Tip of the Hat/Spear/Your Pun Here

I woke up this morning thinking about tipping.

No apparent reason, just where my brain went upon waking.

Waking early, I might add. 6:10 a.m. finds me at the keyboard with energy, so a brief treatise on tipping is what you get today.

(My brain interrupts me here to point out that a treatise is technically a longer and more formal work than what I am attempting here, and I should probably use the term spiel instead. Okay, brain, okay. Can we get to it now?)

I strive to be a good tipper. 

I have a solid floor of 20%.

That’s the bare minimum I can scribble my name to without feeling guilt. 

It’s also a minimum predicated on a couple of assumptions.

Assumption the first: I tip on the whole bill, not the pre-tax amount. I do this because it is more generous, and the math is easier.

Assumption the second: I tip on alcohol. Considering my drinking tendencies, this raises the floor considerably.

Now, I’ve read tipping guides that advise you to not do those things, to which I say: Fuck off. I’m trying to be a decent human here.

So, we’ve set a floor. Is that enough?

Sometimes it isn’t. If I am, for example, eating alone at a Waffle House, the tab can be a single-digit number. In such cases, I have a $5 minimum.

Why $5?

As My Friend Who Likes To Punch People For Recreation once so eloquently put it, giving someone a dollar today is like your grandpa giving you a quarter when you were a kid. It’s pat-on-the-head money, not a living wage. I won’t leave the equivalent of a small pile of change on the table, and I don’t believe a diner server should get stiffed just because they didn’t get a steakhouse job instead. Start at $5 and go up from there as if that were 20%.

Having set the floor, it’s pretty easy to raise it. Decent work merits 25%, and I’ll go 30% for someone who makes me laugh.

Wait, wait, I hear.

(And I pause at the unintended pun, then realize there is no such thing as an unintended pun once you acknowledge it. So, leave it, or make a different choice, writer-person.)

Wait, wait, I hear.

What if their service was bad?

Read the room. Is the waitstaff busy as hell, working multiple tables? Is the kitchen backed up? Are there complicated orders (from your table or others)?

These are all reasons to raise your tip, not lower it.

What if they were rude?

How rude we talking? Southern rude? Did she bless your heart? Northern rude? Was the word fuck uttered as a casual adjective? Northwestern rude? Indifference?

Again, read the room. Put yourself in those shoes.

(Geez, you should have good shoes to wait tables.)

Try to think of a reason to hold steady or raise the tip, rather than look for ways to lower it.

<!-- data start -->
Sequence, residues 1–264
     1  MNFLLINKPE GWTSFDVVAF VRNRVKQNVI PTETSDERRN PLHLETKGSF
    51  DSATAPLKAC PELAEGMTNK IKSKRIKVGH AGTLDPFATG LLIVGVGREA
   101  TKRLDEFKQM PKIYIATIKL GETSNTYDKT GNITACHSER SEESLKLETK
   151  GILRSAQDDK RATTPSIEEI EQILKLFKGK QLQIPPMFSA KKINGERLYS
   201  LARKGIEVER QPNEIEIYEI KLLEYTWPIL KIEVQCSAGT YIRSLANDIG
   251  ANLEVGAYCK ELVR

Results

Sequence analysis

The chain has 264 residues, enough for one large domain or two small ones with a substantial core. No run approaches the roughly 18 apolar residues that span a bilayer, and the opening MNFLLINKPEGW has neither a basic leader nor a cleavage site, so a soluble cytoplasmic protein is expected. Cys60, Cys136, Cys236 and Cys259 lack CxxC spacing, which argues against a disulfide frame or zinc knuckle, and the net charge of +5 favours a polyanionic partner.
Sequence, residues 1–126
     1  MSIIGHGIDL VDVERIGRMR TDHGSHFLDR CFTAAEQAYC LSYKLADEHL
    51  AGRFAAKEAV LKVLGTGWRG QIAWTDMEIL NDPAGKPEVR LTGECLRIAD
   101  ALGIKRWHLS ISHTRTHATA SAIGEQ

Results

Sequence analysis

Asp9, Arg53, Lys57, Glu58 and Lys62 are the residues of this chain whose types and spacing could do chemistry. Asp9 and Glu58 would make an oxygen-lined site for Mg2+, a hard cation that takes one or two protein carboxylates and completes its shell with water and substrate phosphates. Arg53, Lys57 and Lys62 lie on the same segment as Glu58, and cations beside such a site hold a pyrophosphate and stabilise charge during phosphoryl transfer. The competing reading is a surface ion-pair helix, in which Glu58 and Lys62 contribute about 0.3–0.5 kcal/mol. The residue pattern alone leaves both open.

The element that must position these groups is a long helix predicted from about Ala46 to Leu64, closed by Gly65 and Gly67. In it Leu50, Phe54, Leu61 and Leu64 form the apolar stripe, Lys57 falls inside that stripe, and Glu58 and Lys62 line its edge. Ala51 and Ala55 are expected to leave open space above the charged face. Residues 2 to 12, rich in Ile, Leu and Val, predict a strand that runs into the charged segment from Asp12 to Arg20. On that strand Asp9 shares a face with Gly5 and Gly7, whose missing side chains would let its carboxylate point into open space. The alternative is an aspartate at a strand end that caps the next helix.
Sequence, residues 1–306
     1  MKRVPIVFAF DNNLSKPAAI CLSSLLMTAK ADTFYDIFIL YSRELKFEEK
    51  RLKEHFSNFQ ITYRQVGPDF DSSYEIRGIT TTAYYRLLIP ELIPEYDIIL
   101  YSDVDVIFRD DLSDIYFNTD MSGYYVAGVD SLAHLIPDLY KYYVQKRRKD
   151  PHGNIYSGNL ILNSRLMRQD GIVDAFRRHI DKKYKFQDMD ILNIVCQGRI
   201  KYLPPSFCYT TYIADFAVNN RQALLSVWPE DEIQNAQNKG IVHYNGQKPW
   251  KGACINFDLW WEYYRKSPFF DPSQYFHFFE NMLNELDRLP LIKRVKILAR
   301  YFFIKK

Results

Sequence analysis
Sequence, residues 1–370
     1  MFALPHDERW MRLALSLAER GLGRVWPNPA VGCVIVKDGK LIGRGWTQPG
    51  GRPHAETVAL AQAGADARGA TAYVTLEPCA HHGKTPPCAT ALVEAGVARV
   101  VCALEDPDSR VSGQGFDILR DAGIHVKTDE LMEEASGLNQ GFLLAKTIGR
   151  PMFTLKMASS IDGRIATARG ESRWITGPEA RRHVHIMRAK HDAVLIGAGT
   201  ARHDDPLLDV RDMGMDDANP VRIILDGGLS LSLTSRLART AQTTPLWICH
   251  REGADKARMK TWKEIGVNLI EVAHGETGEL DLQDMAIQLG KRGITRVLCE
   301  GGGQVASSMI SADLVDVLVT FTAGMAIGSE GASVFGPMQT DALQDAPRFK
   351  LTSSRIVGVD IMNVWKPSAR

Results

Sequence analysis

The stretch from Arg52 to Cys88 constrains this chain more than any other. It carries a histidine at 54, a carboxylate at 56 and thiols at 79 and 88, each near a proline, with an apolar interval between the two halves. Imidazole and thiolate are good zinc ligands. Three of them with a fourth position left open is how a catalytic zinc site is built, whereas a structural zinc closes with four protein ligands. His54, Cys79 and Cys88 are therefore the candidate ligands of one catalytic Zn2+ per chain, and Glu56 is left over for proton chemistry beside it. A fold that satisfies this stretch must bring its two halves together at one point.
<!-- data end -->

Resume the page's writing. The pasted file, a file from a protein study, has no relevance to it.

Maybe it’s a first day/bad day/last day. Maybe their dog died. Maybe their lover is leaving. Maybe they don’t have a lover, and they are confused about love in general, filled with despair at the existential loneliness that is life, waiting tables to pay the rent on a place they don’t like but is (barely) affordable, living without parents who can afford to offer financial assistance that, even if such were possible, they would turn down on principle, and the power bill is due …

You get the point.

(I people-watch and sometimes daydream lives for the mental exercise. No, wait — that’s not the point. The point is …)

You never truly know. Err on the side of giving someone a living wage.

Which brings me to geography.

This spiel is focused on life in the States, as our (wealthy, developed) nation nonetheless has basically no laws in place to provide a living wage to members of the service class.

Tipping isn’t a nicety; it’s a necessity.

If you feel that shouldn’t be the case, fine. Vote and advocate accordingly. I’m with you. Meanwhile, tip well.

Which brings me to the assholes.

Low tip? Change on the table? Always looking for reason to lower the tip?

Assholes, all.

Then there are the very special assholes, the ones who don’t tip on principle.

Buddy, get some better principles. I get it, you saw Reservoir Dogs at an impressionable age, and Mr. Pink’s anti-tipping tirade really moved you.

a) You’re an asshole.

b) Everyone in that movie is an asshole.

c) Tarantino is an asshole.

d) Joe, while still an asshole, was correct: “Never mind what you normally would do. Just cough in your goddamned buck like everyone else.”

e) You’re an asshole.

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